Peter kennaugh’s isle of man by bike isle of man travel the guardian rosemary garlic focaccia bread recipe

The isle of man has spawned an astounding number of internationally acclaimed cyclists but, at london’s 2012 games, peter kennaugh became its first olympic gold medallist in over a century. He takes oliver pickup on a two-wheeled tour of his favourite manx spots

There are 83,737 people living on the isle of man, according to the last count, and almost a third of them reside in its east coast capital, douglas. This is where peter kennaugh was born in 1989 – and where his tour on two wheels begins, by the island’s main port, where the isle of man steam packet company ferries pull in.

And the first stop is … noa bakehouse, an artisan bakery in the centre of douglas. It’s important, he says, to regain one’s land legs after a ferry crossing and carb load for the ride ahead. “I love the scrambled eggs they do here,” kennaugh enthuses.

“the sourdough is the best in the world – and I’ve tried it everywhere.”

isle steam packet

Suitably energised, kennaugh rides due south from douglas, linking up with marine drive. It’s the perfect opening to the island biking tour; the views of the jagged coastline are breathtaking, and there are no cars allowed at the start of this 6km (3.7 mile) stretch.

“to be honest, you barely have to worry about cars anywhere on the island, but I really like this bit,” he says. “marine drive is special for me. From the age of six I used to do time trials here with my dad. It has undulating terrain with a few corners, and the scenery is jaw-dropping. In truth, it’s stunning across most of the island – although I confess that sometimes I take it for granted, having grown up here. I especially love cycling here at 8am on sundays. Everyone is still in bed and there is an eerie, quiet atmosphere. It’s as though it’s christmas day, and magical because you feel as though you have the whole place to yourself.”

isle steam packet company

At ballamodha straight, kennaugh peddles north on foxdale road and begins to curve around towards the top of “ the sloc”, the highest point of this particular ride. “you can see down to the east, south and west coast from here,” he says. “and over there is cumbria. On a really clear day you will be able to see ireland.”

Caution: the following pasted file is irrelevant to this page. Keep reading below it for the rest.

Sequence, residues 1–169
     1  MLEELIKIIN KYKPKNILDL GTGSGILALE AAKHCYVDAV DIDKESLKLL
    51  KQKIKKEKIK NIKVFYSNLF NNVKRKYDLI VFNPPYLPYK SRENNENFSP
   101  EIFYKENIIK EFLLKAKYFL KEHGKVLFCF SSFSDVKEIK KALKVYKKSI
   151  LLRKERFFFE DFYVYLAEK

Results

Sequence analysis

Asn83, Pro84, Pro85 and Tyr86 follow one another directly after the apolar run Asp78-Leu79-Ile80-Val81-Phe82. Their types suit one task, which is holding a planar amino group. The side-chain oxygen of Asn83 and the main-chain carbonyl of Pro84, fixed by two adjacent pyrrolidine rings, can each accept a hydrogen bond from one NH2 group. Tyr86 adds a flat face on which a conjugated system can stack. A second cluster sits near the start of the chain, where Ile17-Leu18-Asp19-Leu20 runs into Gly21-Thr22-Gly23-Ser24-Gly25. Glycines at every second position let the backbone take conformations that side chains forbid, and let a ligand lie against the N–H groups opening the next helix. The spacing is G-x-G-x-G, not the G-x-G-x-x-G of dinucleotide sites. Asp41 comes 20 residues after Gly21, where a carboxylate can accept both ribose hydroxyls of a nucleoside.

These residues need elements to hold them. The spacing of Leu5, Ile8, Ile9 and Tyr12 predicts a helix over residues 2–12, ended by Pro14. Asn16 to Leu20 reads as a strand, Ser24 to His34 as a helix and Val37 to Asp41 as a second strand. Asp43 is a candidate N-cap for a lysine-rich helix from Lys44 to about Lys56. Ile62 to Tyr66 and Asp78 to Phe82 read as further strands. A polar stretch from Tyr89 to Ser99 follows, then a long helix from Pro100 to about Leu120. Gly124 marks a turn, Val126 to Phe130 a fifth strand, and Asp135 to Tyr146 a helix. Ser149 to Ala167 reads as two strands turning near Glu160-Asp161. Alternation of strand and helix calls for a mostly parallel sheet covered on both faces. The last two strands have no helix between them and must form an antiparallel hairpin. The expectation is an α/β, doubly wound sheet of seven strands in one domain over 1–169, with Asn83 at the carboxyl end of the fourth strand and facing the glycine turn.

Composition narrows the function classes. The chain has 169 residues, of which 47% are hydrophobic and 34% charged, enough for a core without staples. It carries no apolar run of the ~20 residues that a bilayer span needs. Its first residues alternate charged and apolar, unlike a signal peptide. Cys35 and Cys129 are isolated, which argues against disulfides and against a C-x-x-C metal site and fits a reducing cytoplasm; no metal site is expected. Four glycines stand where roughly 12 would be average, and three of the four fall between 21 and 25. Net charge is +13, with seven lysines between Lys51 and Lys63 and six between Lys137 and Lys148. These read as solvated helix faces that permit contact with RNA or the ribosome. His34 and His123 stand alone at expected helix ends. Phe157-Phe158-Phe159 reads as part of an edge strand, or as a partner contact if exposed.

Asked about the island’s cycling culture, kennaugh confesses the sport wasn’t always so popular. “we had a very close-knit cycling community here,” he says. “it felt like you knew everyone who rode a bike on the island. Interest has boomed across the country over the past decade or so; it’s amazing to think that it’s now a mainstream sport.”

From the sloc, kennaugh freewheels further south-west, around mull hill (also known as meayll), and on to a “small, lovely village” called cregneash. Home to a flock of the rare four-horned loaghtan sheep, cregneash is also a living museum to the traditional manx ways of life.Here says many of its thatched cottages have been preserved from victorian times, displaying original farming and fishing equipment.

From this point, close to the southernmost tip, cyclists can spot the calf of man, a 250-hectare (618-acre) island and manx national heritage bird sanctuary, a ram-horn’s throw from the isle of man. “it’s good for a day trip,” he says.

All that’s left to do is return to douglas, and what better way than to take the isle of man steam railway, the longest narrow-gauge steam line in britain that still uses its original locomotives and carriages. “having not used this for about a decade I’ve been on it three times in the last month – mostly because my young son, axel, loves trains,” he says. “but it’s a lovely way to see the island, whether you like trains or not. And it allows you to rest your legs after all that cycling.”

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The isle of man steam packet company has regular ferry sailings from heysham and liverpool (birkenhead during the winter) and seasonal sailings from belfast and dublin. Sail to the isle of man with your car or bike (cycles travel for free), or as a foot passenger – there are some great offers available this year